Open Journal of Modern Neurosurgery

Volume 8, Issue 3 (July 2018)

ISSN Print: 2163-0569   ISSN Online: 2163-0585

Google-based Impact Factor: 0.47  Citations  

Magnetic Resonance Perfusion Imaging in the Diagnosis of High-Grade Glioma Progression and Treatment-Related Changes: A Systematic Review

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DOI: 10.4236/ojmn.2018.83024    466 Downloads   1,110 Views  Citations

ABSTRACT

In patients with high grade gliomas (HGGs), progression after treatment can be difficult to diagnose due to treatment-related effects, which overlap in appearance with tumour progression on conventional magnetic resonance imaging (MRI) sequences. Specialised imaging methods have been studied for this purpose, though most institutions currently use histopathology or clinicoradiological follow-up for diagnosis. This publication aims to review the evidence for perfusion MRI techniques. The databases of Pubmed, MEDLINE, EMBASE and Scopus were searched using combinations of the subject headings high grade glioma and MRI perfusion. 41 articles fulfilled the inclusion criteria. Dynamic Susceptibility Contrast (DSC) MRI was the most extensively studied, with several studies achieving high sensitivities and specificities. Other techniques exhibiting potential include Dynamic Contrast Enhanced (DCE) MRI, Arterial Spin Labelling (ASL). However, these techniques are not widely used or available for clinical practice. Composite measures combining results from multiple techniques tended to achieve higher accuracies. Some publications compared processing software used or looked at machine learning with relative success. An issue common to the literature is the lack of standardisation in the reference standard and acquisition/processing methods. Furthermore, many had small sample sizes, and further consideration needs to be given with regards to timing of imaging, and treatment regimens received in such studies.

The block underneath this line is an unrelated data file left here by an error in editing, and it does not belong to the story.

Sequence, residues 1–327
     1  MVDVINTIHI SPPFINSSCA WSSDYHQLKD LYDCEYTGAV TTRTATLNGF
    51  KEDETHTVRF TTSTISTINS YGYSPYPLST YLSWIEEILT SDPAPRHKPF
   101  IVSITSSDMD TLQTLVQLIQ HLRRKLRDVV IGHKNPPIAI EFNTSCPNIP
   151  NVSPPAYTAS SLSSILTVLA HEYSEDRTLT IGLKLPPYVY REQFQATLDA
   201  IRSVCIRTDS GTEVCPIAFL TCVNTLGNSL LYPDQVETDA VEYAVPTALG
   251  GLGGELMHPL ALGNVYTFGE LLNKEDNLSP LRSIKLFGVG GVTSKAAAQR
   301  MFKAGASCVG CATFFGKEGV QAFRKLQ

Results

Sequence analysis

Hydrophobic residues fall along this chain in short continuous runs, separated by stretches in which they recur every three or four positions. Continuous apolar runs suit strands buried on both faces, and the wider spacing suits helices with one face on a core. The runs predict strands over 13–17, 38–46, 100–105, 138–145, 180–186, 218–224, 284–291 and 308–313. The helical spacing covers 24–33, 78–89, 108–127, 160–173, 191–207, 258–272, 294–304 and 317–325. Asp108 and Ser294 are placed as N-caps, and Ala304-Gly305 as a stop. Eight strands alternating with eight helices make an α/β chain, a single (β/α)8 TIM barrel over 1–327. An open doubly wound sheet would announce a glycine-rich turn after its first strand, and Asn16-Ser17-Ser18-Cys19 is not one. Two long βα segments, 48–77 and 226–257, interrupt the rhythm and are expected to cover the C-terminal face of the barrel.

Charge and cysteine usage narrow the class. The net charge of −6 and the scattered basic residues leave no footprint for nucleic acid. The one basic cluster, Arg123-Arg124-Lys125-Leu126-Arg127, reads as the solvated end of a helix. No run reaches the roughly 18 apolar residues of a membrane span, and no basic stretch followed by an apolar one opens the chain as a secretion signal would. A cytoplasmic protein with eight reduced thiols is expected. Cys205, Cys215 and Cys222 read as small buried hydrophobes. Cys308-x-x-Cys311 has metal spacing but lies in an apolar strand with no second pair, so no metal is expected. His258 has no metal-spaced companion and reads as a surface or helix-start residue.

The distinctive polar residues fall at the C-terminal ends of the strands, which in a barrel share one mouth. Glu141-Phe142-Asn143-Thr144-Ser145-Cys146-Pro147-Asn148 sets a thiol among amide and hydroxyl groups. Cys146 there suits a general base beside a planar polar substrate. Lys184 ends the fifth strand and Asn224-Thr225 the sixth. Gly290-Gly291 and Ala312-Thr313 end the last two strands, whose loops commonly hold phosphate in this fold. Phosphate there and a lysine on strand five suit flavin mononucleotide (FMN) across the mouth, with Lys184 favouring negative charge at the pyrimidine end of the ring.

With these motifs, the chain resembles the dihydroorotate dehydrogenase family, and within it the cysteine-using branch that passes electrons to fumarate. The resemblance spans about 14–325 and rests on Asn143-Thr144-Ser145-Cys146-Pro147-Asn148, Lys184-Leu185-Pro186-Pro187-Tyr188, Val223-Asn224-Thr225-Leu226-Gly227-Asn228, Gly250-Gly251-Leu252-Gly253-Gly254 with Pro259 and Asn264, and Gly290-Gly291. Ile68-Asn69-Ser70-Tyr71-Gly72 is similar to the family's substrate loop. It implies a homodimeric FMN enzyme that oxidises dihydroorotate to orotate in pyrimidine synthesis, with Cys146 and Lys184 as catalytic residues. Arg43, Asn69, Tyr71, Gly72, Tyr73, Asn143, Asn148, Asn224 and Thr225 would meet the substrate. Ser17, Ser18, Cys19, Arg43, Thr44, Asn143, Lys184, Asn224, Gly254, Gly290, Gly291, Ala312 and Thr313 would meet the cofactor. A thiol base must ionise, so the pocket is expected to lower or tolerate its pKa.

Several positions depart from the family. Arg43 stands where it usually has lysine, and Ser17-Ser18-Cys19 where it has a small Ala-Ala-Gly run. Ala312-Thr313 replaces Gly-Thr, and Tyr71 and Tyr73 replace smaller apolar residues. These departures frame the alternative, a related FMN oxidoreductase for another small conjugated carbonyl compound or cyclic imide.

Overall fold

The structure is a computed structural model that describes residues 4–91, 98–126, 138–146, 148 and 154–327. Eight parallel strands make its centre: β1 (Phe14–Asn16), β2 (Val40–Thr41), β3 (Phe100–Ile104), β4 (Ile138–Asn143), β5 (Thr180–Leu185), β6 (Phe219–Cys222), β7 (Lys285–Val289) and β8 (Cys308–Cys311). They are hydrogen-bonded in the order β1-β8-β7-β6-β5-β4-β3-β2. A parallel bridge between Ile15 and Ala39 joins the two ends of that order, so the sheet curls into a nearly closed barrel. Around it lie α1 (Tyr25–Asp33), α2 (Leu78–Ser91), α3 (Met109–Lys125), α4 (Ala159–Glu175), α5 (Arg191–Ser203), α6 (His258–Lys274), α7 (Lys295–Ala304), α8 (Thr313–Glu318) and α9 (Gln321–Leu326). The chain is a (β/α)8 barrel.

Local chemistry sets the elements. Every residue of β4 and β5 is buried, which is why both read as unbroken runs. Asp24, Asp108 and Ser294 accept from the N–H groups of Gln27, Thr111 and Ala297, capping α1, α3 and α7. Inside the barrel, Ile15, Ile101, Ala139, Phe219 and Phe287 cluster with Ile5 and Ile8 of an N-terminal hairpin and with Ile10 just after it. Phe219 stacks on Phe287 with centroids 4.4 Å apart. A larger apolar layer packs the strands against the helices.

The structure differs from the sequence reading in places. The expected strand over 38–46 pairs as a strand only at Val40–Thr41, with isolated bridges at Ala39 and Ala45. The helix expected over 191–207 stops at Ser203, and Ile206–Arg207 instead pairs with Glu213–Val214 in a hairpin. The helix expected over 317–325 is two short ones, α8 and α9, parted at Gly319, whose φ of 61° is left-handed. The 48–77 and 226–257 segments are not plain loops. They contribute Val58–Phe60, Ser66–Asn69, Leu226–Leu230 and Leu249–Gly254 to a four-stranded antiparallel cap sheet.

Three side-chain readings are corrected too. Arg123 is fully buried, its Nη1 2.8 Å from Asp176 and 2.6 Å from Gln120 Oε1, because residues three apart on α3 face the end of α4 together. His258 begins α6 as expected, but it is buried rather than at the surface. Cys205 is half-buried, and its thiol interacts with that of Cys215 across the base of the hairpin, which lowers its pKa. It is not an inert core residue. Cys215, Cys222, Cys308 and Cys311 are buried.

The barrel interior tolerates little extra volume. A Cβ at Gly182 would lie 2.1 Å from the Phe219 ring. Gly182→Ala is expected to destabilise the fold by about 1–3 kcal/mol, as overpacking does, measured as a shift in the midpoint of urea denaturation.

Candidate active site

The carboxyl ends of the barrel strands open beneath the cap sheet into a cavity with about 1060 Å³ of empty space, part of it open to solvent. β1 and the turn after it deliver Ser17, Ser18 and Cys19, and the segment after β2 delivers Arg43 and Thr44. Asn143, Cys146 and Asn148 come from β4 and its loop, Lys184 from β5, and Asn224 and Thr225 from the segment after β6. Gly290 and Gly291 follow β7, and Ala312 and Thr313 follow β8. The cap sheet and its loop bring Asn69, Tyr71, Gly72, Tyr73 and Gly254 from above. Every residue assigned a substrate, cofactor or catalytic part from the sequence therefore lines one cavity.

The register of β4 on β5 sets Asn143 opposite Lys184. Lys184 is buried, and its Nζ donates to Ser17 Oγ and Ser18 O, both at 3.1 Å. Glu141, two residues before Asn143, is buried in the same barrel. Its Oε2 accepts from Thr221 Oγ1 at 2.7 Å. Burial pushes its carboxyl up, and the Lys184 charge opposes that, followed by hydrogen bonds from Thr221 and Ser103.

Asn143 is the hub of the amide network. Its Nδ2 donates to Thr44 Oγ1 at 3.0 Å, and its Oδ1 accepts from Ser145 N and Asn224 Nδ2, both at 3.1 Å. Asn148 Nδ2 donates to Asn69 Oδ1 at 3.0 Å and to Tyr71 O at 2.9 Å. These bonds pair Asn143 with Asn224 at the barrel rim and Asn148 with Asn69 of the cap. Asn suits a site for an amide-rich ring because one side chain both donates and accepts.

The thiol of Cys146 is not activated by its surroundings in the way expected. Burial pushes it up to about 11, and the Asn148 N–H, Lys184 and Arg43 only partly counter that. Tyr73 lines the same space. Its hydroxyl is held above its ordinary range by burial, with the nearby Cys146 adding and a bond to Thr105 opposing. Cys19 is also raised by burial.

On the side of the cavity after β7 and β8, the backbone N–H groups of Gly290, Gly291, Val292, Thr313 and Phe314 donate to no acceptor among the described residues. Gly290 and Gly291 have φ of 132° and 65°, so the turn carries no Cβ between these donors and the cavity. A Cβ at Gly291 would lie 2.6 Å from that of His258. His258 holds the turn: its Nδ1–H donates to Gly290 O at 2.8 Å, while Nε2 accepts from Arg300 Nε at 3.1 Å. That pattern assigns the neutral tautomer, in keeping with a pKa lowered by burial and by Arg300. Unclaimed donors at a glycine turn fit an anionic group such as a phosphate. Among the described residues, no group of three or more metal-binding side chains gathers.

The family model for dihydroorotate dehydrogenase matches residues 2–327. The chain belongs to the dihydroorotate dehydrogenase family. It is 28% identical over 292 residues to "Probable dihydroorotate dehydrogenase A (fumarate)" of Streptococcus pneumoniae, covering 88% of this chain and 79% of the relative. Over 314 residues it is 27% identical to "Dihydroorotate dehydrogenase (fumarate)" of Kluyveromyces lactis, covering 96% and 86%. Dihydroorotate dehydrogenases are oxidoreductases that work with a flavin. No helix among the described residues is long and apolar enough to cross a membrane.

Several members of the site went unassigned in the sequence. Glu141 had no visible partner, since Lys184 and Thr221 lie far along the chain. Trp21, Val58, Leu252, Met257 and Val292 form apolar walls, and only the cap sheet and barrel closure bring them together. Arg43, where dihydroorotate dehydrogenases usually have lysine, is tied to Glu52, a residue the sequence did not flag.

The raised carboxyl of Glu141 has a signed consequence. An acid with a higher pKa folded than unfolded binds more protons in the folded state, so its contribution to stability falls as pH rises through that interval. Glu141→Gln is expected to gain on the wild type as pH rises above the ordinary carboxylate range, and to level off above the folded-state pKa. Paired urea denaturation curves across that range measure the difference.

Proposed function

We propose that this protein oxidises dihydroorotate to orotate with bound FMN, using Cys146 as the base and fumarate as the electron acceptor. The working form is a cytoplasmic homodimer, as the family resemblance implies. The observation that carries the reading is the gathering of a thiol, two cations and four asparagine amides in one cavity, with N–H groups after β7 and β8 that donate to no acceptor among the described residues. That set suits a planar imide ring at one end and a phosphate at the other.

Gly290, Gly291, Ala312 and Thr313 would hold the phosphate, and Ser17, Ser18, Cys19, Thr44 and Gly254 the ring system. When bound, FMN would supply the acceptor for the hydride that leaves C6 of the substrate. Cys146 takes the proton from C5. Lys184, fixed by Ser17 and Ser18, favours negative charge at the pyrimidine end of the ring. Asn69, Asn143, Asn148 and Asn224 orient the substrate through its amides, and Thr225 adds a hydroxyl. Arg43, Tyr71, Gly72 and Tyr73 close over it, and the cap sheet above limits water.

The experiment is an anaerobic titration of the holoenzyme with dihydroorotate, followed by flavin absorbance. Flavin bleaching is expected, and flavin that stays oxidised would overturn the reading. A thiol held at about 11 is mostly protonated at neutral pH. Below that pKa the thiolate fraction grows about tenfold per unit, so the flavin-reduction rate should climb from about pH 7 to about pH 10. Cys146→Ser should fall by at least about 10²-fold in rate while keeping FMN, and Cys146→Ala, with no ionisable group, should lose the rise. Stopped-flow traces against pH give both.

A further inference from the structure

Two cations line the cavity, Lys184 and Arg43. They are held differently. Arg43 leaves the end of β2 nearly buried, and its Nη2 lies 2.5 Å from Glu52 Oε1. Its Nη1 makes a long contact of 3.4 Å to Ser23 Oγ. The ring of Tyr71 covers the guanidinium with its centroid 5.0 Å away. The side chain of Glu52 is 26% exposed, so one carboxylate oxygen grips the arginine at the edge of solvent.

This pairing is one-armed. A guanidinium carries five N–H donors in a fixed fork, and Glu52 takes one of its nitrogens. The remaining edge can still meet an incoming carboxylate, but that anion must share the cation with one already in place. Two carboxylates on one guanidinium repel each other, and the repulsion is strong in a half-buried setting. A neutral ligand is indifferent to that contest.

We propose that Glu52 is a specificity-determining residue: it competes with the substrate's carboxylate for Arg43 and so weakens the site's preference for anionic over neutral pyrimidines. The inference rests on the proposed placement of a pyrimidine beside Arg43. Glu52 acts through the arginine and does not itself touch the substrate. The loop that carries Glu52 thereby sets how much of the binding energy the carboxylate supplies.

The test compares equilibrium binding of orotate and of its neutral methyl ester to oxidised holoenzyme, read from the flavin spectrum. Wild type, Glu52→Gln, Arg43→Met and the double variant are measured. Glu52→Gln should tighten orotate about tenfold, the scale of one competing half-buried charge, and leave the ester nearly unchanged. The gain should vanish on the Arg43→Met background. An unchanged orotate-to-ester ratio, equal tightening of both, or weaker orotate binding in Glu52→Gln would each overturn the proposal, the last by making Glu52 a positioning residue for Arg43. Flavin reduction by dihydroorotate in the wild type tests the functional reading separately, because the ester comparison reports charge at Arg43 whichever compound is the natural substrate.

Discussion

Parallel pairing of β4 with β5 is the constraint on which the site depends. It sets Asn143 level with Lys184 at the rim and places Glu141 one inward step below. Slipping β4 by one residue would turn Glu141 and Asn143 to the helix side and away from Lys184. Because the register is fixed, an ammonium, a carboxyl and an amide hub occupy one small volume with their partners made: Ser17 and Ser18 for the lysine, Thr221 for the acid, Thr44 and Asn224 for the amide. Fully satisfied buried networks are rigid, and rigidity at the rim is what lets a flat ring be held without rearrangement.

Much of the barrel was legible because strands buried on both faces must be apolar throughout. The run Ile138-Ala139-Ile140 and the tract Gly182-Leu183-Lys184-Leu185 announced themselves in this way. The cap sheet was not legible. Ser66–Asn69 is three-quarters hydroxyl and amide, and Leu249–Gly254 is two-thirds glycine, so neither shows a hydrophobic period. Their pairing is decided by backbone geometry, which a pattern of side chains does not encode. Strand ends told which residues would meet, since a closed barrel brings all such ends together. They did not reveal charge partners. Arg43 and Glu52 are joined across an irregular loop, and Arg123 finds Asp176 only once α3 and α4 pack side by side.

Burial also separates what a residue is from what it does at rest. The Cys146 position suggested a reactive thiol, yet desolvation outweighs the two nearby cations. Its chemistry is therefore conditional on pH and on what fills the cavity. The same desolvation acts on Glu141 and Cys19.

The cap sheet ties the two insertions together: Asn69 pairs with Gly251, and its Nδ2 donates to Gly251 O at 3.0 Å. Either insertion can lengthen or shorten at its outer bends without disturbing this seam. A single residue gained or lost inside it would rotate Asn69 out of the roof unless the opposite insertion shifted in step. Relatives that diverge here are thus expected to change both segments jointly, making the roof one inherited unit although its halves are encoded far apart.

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Dongas, J. , Asahina, A. , Bacchi, S. and Patel, S. (2018) Magnetic Resonance Perfusion Imaging in the Diagnosis of High-Grade Glioma Progression and Treatment-Related Changes: A Systematic Review. Open Journal of Modern Neurosurgery, 8, 282-305. doi: 10.4236/ojmn.2018.83024.

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